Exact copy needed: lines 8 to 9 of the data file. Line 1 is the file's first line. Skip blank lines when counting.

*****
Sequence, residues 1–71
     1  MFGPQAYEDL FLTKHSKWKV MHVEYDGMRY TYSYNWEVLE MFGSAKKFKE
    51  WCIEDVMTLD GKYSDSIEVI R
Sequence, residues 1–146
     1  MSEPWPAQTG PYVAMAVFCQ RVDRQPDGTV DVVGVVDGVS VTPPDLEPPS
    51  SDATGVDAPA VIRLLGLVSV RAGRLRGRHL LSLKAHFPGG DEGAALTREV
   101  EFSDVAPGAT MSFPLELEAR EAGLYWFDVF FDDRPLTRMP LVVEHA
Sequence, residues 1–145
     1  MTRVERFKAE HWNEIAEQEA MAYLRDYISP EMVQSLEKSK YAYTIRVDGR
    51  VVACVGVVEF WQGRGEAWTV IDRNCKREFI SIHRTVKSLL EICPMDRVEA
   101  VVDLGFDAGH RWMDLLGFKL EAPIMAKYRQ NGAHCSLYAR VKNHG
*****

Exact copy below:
Sequence, residues 1–145
     1  MTRVERFKAE HWNEIAEQEA MAYLRDYISP EMVQSLEKSK YAYTIRVDGR